Entity

Time filter

Source Type

Portland, OR, United States

Lewis & Clark College is a private liberal arts college located in Portland, Oregon. It has an undergraduate College of Arts and science, a School of Law, and a Graduate School of Education and Counseling Wikipedia.


Wang H.,University of Oregon | O'Leary S.,Lewis And Clark College
Journal of the Optical Society of America B: Optical Physics | Year: 2012

In this paper, we review our recent experimental studies on electromagnetically induced transparency (EIT) from electron spin coherences in semiconductor quantum wells. Coherent Raman resonances, manifestations of EIT from electron spin coherences at relatively low pump intensities, were demonstrated in both V-type and Ë-type three-level systems via heavy-hole exciton and trion transitions in undoped and doped quantum wells, respectively. Coherent Raman resonances from electron spin coherences via light-hole transitions were also demonstrated in a waveguide geometry that enables a long optical interaction length as well as a large absorption coefficient. Experimental approaches that can avoid or reduce detrimental many-body effects in quantum wells are suggested for the realization of nearly ideal EIT processes. © 2012 Optical Society of America. Source


Bostian M.B.,Lewis And Clark College | Herlihy A.T.,Oregon State University
Ecological Economics | Year: 2014

This study uses the directional output distance function, a multi-output economic production frontier model, to value the physical tradeoffs between agricultural production and wetland condition in the U.S. Mid-Atlantic region Nanticoke River watershed. We combine detailed ecological indicator data to measure wetland condition with satellite imagery land use data on agricultural production in the watershed. Our estimation procedure adapts the bootstrap methods originally developed by Simar and Wilson (1998) for nonparametric efficiency estimates to the quadratic directional output distance function. We find substantial variation in tradeoff values across the watershed, which could be used to target wetland conservation efforts in the region. © 2014 Elsevier B.V. Source


The field of ectomycorrhizal fungal (EMF) ecology has largely developed outside the ecological mainstream, owing in large part to the challenges in studying the structure and dynamics of EMF communities. With advances in molecular identification and other research techniques, however, there has been growing interest among mycologists and ecologists in understanding how different ecological factors affect EMF community structure and diversity. While factors such as soil chemistry and host specificity have long been considered important, an increasing number of laboratory and field studies have documented that interspecific competition also has a major impact on EMF species interactions and may significantly influence EMF community structure. In this review, I examine the progress that has been made in understanding the nature of EMF competition. Currently, there are four conclusions that can be drawn: negative competitive effects are rarely reciprocal; competitive outcomes are environmentally context-dependent; field distributions often reflect competitive interactions; and timing of colonization influences competitive success. In addition, I highlight recent studies documenting links between competitive coexistence and EMF community structure, including checkerboard distributions, lottery models, storage effects, and colonization-competition tradeoffs. Finally, I discuss several aspects of EMF competition needing further investigation and some newer methods with which to address them. © The Author (2010). Journal compilation © New Phytologist Trust (2010). Source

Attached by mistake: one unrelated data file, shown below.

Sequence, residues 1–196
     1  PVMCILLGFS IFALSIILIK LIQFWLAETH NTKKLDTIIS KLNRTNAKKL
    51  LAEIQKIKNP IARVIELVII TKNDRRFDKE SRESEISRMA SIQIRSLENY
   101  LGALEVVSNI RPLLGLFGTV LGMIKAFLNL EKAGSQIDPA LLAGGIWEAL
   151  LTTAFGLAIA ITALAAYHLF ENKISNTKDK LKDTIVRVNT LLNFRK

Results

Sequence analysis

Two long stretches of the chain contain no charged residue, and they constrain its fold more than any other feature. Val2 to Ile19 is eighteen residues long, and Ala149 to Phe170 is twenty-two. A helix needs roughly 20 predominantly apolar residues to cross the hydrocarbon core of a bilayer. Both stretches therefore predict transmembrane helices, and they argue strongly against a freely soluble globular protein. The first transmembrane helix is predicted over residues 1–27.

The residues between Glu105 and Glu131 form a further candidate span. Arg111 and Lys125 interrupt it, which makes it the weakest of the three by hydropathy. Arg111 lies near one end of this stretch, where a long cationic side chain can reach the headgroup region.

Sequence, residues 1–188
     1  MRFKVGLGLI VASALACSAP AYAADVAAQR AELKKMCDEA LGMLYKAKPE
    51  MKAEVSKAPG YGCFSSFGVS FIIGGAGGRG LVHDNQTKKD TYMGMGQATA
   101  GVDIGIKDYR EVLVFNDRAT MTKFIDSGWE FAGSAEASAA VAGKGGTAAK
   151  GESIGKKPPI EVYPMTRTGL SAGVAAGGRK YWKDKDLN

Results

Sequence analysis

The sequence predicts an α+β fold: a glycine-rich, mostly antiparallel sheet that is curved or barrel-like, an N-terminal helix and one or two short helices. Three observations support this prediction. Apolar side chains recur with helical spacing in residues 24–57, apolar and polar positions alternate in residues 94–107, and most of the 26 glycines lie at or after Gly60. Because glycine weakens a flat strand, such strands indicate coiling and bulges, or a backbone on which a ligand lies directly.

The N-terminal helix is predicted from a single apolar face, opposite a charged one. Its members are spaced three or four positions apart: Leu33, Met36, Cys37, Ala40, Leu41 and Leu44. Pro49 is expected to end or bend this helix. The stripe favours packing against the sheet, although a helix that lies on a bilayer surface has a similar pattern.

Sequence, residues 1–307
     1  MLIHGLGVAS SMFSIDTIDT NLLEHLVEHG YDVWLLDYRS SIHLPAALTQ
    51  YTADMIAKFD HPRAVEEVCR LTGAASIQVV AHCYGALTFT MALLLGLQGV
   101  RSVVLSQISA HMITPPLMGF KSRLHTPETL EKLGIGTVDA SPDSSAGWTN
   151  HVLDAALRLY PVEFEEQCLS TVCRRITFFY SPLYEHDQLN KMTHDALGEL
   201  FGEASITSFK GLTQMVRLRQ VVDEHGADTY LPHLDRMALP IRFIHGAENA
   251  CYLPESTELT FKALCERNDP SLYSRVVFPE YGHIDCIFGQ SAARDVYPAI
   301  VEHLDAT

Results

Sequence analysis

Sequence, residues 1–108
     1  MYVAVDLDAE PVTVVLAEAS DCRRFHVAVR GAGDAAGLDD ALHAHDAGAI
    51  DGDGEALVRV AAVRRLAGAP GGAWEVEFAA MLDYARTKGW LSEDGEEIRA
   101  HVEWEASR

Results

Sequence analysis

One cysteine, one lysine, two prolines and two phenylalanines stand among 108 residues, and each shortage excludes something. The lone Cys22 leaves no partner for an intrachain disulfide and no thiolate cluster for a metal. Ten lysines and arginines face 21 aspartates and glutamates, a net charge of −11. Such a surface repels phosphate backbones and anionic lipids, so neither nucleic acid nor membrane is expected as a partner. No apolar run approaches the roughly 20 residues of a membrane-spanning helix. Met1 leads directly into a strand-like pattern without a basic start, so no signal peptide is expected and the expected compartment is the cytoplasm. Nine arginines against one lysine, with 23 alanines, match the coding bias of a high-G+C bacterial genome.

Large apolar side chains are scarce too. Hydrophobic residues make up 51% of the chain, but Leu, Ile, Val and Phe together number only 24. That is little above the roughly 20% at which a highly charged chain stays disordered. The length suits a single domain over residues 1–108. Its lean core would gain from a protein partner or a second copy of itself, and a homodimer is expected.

Proctor J.D.,Lewis And Clark College
Journal of Environmental Studies and Sciences | Year: 2013